Melbourne outfit Kingswood have a lot going for them right now. Having come through the ranks of Triple J Unearthed and tasted success in last year’s Hottest 100, they have returned home for an extensive tour after time spent recording in Nashville.
With their debut album, Microscopic Wars only released in the past week, the band already enjoys a loyal and enthusiastic fan-base, as demonstrated by the capacity crowd who turned up at Pirie and Co for the opening night of the tour.
The Sinking Teeth warmed up the midweek audience with a loud and energetic set. Kingswood then took the stage, starting with “All Too Much”, the opening track from their album, and by the time they ripped into “Sucker Punch” the crowd were eagerly singing along.
While Kingswood have made a name for themselves for their brand of brash, muscular rock, this is no one-dimensional affair. It is actually in the slower moments that their considerable talent is revealed, particularly in the bluesy groove of current single, “I Can Feel That You Don’t Love Me”, a song that met with great enthusiasm. This was introduced with an invitation for the crowd to engage in some sexy dancing, a few audience members obliging with a stage invasion that was welcomed by the band.
Further evidence of their musical diversity came later in the performance with covers First Aid Kit and Queens of the Stone Age sitting alongside each other.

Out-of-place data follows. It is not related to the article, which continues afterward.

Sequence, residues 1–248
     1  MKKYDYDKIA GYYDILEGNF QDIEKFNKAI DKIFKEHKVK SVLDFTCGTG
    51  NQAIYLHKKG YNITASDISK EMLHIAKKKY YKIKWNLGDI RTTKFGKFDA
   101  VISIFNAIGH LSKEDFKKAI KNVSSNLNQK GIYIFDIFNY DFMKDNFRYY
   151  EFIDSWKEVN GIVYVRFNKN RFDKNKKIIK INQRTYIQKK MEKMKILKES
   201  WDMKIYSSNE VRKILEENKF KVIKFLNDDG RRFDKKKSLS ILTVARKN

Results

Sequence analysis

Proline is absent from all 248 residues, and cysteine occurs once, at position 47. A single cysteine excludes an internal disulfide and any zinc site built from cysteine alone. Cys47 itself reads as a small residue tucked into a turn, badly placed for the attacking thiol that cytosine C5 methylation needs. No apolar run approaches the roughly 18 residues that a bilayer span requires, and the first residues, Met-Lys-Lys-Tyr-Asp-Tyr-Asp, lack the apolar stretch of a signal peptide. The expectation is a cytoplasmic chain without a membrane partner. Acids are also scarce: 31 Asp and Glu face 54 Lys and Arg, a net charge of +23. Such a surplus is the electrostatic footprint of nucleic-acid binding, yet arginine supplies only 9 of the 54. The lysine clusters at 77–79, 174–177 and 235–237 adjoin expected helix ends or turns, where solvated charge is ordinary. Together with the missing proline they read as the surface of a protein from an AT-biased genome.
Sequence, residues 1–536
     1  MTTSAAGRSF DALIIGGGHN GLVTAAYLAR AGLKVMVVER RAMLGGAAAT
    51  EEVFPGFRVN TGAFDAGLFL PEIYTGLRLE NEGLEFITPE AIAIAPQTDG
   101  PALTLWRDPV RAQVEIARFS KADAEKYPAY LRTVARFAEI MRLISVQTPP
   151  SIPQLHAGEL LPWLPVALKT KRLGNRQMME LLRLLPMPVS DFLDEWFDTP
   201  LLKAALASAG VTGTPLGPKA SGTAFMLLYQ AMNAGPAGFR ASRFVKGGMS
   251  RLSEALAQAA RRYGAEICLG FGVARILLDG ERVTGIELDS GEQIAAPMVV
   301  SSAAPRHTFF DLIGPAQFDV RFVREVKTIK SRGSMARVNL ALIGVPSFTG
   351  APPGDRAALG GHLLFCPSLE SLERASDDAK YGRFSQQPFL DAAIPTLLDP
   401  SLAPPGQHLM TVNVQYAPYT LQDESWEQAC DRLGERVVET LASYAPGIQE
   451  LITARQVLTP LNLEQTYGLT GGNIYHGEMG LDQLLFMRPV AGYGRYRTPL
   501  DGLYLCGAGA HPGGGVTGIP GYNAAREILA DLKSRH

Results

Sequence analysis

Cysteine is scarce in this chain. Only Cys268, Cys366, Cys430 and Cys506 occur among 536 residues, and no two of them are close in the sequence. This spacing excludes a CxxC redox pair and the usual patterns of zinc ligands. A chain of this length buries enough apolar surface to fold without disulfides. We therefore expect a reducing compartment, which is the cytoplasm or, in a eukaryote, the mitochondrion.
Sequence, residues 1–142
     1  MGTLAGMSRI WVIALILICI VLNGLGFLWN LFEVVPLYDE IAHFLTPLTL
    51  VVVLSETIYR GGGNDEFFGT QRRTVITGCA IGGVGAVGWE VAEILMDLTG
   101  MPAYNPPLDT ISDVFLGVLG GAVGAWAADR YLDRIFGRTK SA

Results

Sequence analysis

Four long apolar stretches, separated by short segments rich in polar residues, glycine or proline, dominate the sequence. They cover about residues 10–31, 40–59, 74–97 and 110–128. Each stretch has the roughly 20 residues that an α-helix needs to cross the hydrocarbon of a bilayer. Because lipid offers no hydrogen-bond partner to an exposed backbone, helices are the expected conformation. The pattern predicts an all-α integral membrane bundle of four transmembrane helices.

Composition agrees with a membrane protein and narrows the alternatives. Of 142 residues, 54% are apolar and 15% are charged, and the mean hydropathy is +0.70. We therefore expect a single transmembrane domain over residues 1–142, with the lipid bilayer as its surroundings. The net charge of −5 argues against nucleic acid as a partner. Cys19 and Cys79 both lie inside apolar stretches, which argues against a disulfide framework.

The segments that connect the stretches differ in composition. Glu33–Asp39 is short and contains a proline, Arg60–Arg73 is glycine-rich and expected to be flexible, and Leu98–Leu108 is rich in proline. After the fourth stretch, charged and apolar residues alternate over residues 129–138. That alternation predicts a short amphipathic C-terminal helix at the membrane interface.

There were sound problems early on in the set, with many in the crowd struggling to hear the vocals, and the band even asking for more speakers. While Pirie and Co is a welcome addition to the live music scene in Adelaide, it probably wasn’t a perfect fit for Kingswood, whose big sound was a little too much for the small underground venue. With a sell-out audience in front of the small stage, the sight lines were also quite limited. By the time the band hit the album’s title track, however, sound had improved, allowing for the band’s signature harmonies to come through strongly.
Kingswood finished the night with a powerhouse rendition of last year’s “Ohio”, the crowd once again singing along. A dynamic live act, they deliver grand guitars solos, rocking rhythms and smooth vocals. While their sound is very modern, Kingswood reminds us that the music scene in this country was once dominated by loud pub rock, and they are worthy successors to this legacy.
In Adelaide we are fortunate that they have chosen to begin and end their current tour with us, giving audiences another chance to catch them on 24 October at the Unibar. In a short space of time they achieved a great deal and one gets the sense that things are only going to get bigger from here.
Reviewed by Matthew Trainor